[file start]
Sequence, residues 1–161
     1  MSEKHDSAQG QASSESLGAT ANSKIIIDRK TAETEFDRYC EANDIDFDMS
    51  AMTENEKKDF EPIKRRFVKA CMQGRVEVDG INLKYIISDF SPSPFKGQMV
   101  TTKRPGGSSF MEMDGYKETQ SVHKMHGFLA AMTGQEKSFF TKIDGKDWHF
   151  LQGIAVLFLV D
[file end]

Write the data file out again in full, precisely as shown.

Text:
Sequence, residues 1–161
     1  MSEKHDSAQG QASSESLGAT ANSKIIIDRK TAETEFDRYC EANDIDFDMS
    51  AMTENEKKDF EPIKRRFVKA CMQGRVEVDG INLKYIISDF SPSPFKGQMV
   101  TTKRPGGSSF MEMDGYKETQ SVHKMHGFLA AMTGQEKSFF TKIDGKDWHF
   151  LQGIAVLFLV D